The Current Mental health crisis
By Clark Zimmerman, LAc.
My mother suffers from mental illness. For years I simply thought she was sensitive and more prone to the effects of stress than the average person, but after her mother died when I was in college, it became clear that the problem was more serious than any of us had known. She locked herself in her bedroom for weeks at a time, refusing to eat anything other than sweets or to receive any sort of help from her concerned family. She had been medicated for years for her tendencies towards anxiety and depression, but she largely hid her issues from her family and friends. With hindsight as a guide, I now see that while some of her issues were genetic, many of her issues developed slowly and were directly related from her lifestyle and beliefs: her poor diet, her obsession with gossip and bad news, her tendency to isolate herself. It makes me wonder if her condition would have turned out differently if we as a family and community would have done more to help.
We are in the middle of what many people are calling a mental health crisis.
Funding has been reduced at the local, state and federal level, leaving many vulnerable people needing help that they are no longer able to receive. This is leading to greater problems with addiction, overflowing jails, and more homeless on the streets. It is a puzzle without a quick and easy fix, but one that cannot be ignored away.
Clinically, we see that like any other health epidemic, mental health issues are not all the same. They exist on a widely varied continuum, from mildly agitated and uncomfortable, to chemically and emotionally unstable and potentially dangerous. When we treat mental health issues as an individual failing at best and as a crime at worst, then there is no real possibility of the issue coming to any real resolution. If someone has a true biochemical imbalance, such as bipolar disorder or schizophrenia, pharmaceutical intervention may be the best way to address such an issue. This approach, in conjunction with supportive services such as therapy, free and safe housing, and community support, is necessary for a certain portion of the population. It seems that as a society, we must decide to value human life and help those who are unable to help themselves. Charities can fill some of this void, but it is also necessary for some government assistance to help the people that need it the most.
Not all mental health issues are due to an inherent chemical imbalance, however. Many issues are brought on by living a life that is out of balance. These could be alleviated or improved simply by encouraging a healthier and more balanced lifestyle. Proper diet, including healthy fats and proteins and plenty of fruits and veggies, can go a long way to promoting a more balanced and calm mental landscape. Exercise is another important part of keeping the mind healthy and less effected by anxiety and depression. Stillness practices, such as meditation, yoga, or breathing exercises can also help calm the mind and help avoid severe and lasting mood swings. It is also worth noting, that since the introduction and proliferation of smart phones, depression and anxiety rates have steadily climbed. They are now drawing direct correlations between the increased use of smart phones with depression and suicide rates. Though it is seemingly so much easier to connect with people on social media or by texting, many studies are finding that more people feel more isolated and alone than any other time in recorded history.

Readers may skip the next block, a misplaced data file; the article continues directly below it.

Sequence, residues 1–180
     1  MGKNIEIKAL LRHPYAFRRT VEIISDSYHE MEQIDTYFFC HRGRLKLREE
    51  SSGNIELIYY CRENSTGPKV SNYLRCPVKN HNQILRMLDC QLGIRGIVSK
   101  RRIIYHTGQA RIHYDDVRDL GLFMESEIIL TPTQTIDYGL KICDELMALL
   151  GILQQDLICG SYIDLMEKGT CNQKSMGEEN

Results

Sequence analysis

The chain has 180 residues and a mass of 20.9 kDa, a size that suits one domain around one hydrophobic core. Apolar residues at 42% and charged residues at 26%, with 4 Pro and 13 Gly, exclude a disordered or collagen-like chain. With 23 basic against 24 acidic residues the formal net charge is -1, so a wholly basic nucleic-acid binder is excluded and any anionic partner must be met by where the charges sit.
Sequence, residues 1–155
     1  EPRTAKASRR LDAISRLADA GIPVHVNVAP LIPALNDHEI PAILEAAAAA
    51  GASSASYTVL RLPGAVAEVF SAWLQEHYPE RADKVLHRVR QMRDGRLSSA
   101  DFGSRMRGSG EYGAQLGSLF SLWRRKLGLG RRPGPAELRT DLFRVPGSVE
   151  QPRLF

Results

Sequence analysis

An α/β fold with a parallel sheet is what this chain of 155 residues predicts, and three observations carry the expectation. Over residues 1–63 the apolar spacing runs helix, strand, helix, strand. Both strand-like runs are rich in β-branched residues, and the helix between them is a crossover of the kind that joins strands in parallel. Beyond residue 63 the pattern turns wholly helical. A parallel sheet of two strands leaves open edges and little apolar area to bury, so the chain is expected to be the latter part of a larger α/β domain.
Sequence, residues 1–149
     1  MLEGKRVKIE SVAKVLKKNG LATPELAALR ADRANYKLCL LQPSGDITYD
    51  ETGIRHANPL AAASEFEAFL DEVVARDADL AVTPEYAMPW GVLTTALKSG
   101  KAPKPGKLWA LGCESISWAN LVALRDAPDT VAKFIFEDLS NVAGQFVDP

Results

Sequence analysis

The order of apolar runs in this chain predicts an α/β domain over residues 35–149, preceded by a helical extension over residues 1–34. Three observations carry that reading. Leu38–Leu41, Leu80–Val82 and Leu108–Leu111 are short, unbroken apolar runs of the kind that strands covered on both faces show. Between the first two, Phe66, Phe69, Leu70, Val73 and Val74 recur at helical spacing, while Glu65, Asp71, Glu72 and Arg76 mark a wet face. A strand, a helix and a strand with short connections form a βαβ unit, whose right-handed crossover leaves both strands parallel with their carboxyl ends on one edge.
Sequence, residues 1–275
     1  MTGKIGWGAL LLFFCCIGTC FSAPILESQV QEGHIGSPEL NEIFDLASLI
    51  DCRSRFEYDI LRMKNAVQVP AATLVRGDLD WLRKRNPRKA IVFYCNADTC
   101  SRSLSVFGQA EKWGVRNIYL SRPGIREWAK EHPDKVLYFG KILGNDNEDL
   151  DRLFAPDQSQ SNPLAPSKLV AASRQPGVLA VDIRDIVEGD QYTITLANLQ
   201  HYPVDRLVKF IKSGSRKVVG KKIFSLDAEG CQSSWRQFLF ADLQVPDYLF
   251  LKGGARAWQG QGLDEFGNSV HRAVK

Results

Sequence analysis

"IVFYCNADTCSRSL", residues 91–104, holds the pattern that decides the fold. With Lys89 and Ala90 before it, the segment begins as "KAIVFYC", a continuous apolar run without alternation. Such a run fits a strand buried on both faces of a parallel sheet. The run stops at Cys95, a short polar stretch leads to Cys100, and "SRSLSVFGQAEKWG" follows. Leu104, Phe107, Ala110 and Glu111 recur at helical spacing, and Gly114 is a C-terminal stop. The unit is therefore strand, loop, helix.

The combination of poor diet, lack of exercise, overthinking, and isolation all have their roles in the increasing incidences of mental health problems. All of these issues are things that we have some control over. So in addition to helping those with severe mental health issues with appropriate professional services, it is also important as families, friends, and communities to work towards living a life of moderation with positive and healthy choices. If we see someone that is “going down the rabbit hole” of depression, anxiety, and deteriorating mental health, we can help to interrupt the cycle by reaching out and offering help in whatever areas they are struggling with. After all, it takes an entire village to create healthy minds and communities.